Quantcast
Burning Inside
104 of 1121

Burning Inside

November 14, 2013
Release Date: November 13, 2013 Topics: Caloris, Color Images, Craters with Bright Material, Craters with Dark Material, Hollows, Low Reflectance Material (LRM), Volcanism, WAC Date acquired: October 24, 2013 Image Mission Elapsed Time (MET): 24470528, 24960452, 24470516 Image ID: 5033545, 5068359, 5033542 Instrument: Wide Angle Camera (WAC) of the Mercury Dual Imaging System (MDIS) WAC filters: 9, 7, 6 (996, 748, 433 nanometers) in red, green, and blue Center Latitude: 23.72° Center Longitude: 179.1° E Resolution: 260 meters/pixel Scale: The larger crater near the top of the image is approximately 54 km (33.5 mi.) in diameter. Incidence Angle: 24.8° Emission Angle: 8.4° Phase Angle: 33.2° Of Interest: Today's image features several craters near the eastern edge of the Caloris basin. The larger craters have excavated low reflectance material, and both have hollows forming within their floors. Reddish deposits that exhibit a spectral signature similar to pyroclastics occur in the northeastern quadrant of this scene, suggesting that this region may have once been the site of explosive volcanism. This image was acquired as a targeted high-resolution 11-color image set. Acquiring 11-color targets is a new campaign that began in March 2013 and that utilizes all of the WAC's 11 narrow-band color filters. Because of the large data volume involved, only features of special scientific interest are targeted for imaging in all 11 colors. The MESSENGER spacecraft is the first ever to orbit the planet Mercury, and the spacecraft's seven scientific instruments and radio science investigation are unraveling the history and evolution of the Solar System's innermost planet. During the first two years of orbital operations, MESSENGER acquired over 150,000 images and extensive other data sets. MESSENGER is capable of continuing orbital operations until early 2015. Credit: NASA/Johns Hopkins University Applied Physics Laboratory/Carnegie Institution of Washington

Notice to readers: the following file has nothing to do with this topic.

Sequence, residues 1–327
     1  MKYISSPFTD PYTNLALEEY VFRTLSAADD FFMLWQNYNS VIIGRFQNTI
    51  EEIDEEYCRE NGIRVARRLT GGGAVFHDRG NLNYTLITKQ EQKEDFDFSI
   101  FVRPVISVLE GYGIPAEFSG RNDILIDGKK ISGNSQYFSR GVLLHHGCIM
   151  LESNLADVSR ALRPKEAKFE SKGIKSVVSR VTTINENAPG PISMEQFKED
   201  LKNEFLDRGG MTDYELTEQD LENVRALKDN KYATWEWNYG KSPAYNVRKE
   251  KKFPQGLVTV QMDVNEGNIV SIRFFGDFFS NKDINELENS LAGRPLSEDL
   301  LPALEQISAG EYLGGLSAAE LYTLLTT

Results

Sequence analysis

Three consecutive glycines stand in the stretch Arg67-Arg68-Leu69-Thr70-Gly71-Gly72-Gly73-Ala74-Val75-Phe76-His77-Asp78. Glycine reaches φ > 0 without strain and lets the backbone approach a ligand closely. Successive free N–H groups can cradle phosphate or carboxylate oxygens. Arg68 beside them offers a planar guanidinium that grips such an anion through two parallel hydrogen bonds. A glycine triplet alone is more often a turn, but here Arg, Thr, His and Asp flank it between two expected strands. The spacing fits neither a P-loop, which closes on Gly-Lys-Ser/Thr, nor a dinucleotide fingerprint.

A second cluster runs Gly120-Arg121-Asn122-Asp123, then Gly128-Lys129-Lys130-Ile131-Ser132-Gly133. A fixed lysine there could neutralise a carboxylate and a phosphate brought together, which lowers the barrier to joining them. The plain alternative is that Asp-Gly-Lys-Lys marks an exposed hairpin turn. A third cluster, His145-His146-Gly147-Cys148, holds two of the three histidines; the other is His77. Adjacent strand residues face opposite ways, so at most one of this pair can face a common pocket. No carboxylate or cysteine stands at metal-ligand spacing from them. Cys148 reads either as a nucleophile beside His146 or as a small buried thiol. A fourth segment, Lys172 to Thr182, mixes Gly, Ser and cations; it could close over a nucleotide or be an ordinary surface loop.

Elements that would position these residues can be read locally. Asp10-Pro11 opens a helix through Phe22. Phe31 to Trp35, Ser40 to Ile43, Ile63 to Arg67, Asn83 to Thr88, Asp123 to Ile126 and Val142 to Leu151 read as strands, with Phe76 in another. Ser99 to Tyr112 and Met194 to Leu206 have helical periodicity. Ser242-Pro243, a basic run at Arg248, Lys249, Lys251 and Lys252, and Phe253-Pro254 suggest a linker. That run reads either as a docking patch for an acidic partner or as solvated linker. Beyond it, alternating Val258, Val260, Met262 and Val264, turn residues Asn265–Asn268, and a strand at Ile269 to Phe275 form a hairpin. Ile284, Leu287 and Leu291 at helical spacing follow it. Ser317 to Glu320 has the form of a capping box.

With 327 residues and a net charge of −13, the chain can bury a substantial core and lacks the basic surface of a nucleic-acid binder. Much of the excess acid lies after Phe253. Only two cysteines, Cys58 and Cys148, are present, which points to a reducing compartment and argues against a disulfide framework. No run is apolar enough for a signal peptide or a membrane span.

comments powered by Disqus